And I simply cannot believe that 20% of the people serving IPPs were given them despite pre-sentence reports saying that they only presented a medium rather than a significant risk of serious harm and that the Court of Appeal then upheld the sentences. The pre-sentence report doesn’t bind the judge, of course, but it’s usually considered a pretty weighty piece of evidence when it comes to assessing dangerousness.
I wonder, though, if The Guardian may not have misunderstood Mr Tidball’s point. I see that, when the inquiry was announced, The Telegraph reported his as saying that IPPs are
more resource-intensive, in terms of processing and assessing prisoners, than a determinate sentence. They are subject to assessment throughout, very much like someone serving an actual life sentence.
. The same report quoted
Brian Caton, the general secretary of the Prison Officers Association, [who] said: “Because of the sudden rise in prisoners serving indeterminate sentences, the system that we have, which is designed for a relatively small amount of lifers, cannot cope.”The constant need to review indeterminate prisoners has a huge impact on the Prison Service. This is symptomatic of the appalling lack of planning the Government has applied to prisons.”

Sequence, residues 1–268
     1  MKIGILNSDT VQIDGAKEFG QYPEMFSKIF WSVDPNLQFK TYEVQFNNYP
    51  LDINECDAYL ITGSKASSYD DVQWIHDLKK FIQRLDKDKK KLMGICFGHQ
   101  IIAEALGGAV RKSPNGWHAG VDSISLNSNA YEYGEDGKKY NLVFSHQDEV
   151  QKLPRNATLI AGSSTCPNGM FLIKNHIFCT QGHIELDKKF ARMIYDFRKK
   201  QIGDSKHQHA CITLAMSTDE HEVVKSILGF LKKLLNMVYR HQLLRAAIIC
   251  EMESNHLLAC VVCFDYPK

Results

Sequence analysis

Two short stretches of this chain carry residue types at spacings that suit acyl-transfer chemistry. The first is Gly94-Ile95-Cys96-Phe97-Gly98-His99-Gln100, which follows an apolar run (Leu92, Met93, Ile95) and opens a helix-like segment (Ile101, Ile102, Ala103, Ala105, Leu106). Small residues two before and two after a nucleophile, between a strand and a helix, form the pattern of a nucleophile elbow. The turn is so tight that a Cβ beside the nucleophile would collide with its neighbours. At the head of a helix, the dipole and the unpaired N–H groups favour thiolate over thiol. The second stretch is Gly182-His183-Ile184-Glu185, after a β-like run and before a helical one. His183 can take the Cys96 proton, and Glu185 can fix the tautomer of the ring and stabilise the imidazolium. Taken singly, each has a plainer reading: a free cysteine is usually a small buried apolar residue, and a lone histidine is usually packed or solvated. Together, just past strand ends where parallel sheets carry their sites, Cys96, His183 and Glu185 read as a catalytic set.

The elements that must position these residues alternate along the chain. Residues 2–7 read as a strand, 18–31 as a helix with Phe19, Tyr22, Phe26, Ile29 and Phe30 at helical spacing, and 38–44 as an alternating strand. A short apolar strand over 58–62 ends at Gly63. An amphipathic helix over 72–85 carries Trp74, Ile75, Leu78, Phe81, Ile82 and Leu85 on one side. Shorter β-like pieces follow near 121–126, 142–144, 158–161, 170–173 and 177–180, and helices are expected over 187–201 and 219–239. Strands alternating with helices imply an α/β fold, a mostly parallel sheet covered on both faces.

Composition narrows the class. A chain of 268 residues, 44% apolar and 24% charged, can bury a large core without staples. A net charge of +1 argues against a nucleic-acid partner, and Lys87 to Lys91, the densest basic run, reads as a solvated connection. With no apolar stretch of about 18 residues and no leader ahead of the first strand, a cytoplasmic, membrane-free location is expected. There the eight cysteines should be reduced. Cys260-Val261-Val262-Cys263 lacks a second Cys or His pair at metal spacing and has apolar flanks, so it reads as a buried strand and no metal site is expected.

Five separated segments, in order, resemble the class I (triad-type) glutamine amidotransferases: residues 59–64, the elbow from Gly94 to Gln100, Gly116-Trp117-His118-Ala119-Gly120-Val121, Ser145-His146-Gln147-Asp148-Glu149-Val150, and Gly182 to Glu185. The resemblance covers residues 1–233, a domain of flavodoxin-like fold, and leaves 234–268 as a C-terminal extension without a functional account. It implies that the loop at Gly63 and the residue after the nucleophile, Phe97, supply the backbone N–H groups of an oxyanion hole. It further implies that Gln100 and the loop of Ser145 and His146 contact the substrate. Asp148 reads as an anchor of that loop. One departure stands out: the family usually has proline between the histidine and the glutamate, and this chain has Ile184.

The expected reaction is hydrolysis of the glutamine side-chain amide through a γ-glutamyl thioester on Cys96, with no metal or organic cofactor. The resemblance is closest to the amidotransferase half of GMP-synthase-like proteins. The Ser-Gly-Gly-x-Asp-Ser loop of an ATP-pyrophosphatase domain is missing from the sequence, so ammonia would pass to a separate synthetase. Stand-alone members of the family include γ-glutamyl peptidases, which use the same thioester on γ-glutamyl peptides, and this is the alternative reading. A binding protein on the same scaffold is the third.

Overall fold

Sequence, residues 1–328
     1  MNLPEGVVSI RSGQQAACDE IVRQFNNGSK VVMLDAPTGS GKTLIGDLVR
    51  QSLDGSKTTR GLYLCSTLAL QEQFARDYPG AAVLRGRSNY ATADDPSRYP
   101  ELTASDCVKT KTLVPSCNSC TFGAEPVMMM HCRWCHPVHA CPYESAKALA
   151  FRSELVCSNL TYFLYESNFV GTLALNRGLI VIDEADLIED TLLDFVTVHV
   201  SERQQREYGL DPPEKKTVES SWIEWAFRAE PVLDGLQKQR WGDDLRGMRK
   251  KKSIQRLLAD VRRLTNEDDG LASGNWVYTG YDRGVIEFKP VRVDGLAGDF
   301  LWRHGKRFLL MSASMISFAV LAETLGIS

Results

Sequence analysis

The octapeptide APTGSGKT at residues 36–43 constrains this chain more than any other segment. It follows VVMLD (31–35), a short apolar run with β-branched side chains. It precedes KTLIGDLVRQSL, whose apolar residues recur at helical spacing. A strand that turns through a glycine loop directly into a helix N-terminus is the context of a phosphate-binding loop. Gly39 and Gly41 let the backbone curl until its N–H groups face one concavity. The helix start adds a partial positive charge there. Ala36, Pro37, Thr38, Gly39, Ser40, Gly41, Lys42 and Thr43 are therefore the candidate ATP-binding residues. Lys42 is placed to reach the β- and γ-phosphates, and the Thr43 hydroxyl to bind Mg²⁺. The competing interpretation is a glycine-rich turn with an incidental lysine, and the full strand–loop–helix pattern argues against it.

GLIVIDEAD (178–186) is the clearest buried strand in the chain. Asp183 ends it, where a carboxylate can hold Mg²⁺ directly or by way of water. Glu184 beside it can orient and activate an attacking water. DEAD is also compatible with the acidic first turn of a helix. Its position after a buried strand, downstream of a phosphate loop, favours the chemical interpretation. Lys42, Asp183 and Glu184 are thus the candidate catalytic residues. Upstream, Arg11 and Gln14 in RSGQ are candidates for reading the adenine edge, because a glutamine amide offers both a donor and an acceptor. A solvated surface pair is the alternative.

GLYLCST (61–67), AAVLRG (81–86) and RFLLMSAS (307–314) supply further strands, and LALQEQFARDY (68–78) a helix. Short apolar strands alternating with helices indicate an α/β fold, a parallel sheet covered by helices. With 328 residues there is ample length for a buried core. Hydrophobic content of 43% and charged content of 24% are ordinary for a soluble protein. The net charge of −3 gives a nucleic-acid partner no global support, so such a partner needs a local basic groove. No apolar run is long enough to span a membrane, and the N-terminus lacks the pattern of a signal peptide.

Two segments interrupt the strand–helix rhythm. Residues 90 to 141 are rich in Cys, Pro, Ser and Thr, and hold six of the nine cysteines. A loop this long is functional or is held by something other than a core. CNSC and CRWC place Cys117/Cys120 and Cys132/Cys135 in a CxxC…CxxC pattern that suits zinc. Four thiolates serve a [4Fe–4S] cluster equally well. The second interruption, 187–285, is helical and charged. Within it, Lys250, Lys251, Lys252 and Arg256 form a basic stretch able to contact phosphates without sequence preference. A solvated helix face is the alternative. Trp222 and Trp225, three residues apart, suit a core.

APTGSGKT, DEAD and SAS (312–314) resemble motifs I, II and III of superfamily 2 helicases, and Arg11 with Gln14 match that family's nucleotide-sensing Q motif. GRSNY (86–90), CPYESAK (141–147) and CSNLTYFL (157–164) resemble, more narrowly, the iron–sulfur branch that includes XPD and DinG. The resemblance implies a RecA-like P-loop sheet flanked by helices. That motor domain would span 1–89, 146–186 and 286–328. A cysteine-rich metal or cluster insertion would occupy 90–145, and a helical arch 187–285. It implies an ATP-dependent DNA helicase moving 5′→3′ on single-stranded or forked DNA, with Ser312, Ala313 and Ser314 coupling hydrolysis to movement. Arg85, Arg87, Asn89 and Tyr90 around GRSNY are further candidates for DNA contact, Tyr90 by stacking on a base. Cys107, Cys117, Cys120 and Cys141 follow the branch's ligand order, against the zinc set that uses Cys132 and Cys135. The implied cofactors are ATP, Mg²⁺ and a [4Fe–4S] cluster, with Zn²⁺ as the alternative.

That is, that the Prison Service and the Parole Board don’t have the resources to review the progress of people serving IPPs to determine whether they’re safe to release or not and that the Parole Board (doubtless mindful of possible headlines about potentially dangerous prisoners being released to commit further serious crimes of violence) are taking the attitude that it’s better to be safe than sorry when it comes to considering releasing on licence someone serving an IPP.
The Telegraph report tells us that
One in five [prisoners serving an IPP] has a tariff of 18 months or less. Most are held in local prisons intended for short-term stays, which do not offer “lifer” rehabilitation programmes.
This perhaps needs clarification; on the face of it, it looks as if IPPs are being handed out indiscriminately. However, what I think we have here is a result of the confusion between sentencing for the instant offence — which is how the tariff is set — and assessing dangerousness, which is a far more nebulous idea.